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For the source of my bias, I have actually spent a considerable amount of time working with people in the "RFC world." For example, I wrote the kernel of the Openwave WAP browser, which shipped about a billion units, even if it sucked and no one used it. I have spent just about no time in the PDF world, and even when I was in grad school I was an OS guy. (Here's a fun old paper of mine: http://citeseerx.ist.psu.edu/viewdoc/summary?doi=10.1.1.41.7...). So, zero time in the "PL theory" world.

I can tell you how this world sees the "PL theory" world. They say: look, you have your own way of formalizing computing, there are infinitely many ways of formalizing computing, the one we use seems to work just fine, so why should we learn yours? Whether they won't, or they can't, or they are too pigheaded to - the answer is, they aren't.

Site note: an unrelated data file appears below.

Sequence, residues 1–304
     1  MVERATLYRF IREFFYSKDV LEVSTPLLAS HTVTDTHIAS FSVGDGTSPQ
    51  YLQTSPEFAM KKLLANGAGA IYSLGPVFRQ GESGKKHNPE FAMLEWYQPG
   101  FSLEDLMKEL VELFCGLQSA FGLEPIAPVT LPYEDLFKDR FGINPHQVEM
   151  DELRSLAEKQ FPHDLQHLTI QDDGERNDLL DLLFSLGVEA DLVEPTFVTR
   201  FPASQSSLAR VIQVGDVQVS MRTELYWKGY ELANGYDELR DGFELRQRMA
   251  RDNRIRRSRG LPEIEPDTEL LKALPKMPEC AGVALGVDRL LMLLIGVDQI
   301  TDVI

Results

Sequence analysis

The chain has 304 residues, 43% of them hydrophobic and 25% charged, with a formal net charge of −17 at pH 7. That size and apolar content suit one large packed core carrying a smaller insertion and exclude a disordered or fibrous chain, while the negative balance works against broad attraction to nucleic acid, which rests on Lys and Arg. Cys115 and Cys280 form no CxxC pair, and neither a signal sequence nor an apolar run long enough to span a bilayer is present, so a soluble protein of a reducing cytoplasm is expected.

I don't view language design as an opportunity to change the world to this extent. And I think many, many good ideas are getting lost in the PL theory world. So, my goal was to replicate these ideas, as best as I can, for programmers who think about programming the way I do.




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